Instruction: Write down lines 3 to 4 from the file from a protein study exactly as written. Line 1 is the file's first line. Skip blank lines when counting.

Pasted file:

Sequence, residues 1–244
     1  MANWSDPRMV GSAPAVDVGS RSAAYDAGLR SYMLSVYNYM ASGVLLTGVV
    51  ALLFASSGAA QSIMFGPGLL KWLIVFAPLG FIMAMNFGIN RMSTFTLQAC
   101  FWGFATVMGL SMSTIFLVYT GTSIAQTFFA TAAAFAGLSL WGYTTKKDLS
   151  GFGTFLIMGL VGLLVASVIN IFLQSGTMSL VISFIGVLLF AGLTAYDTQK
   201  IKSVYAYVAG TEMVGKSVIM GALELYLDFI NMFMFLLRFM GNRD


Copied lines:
    51  ALLFASSGAA QSIMFGPGLL KWLIVFAPLG FIMAMNFGIN RMSTFTLQAC
   101  FWGFATVMGL SMSTIFLVYT GTSIAQTFFA TAAAFAGLSL WGYTTKKDLS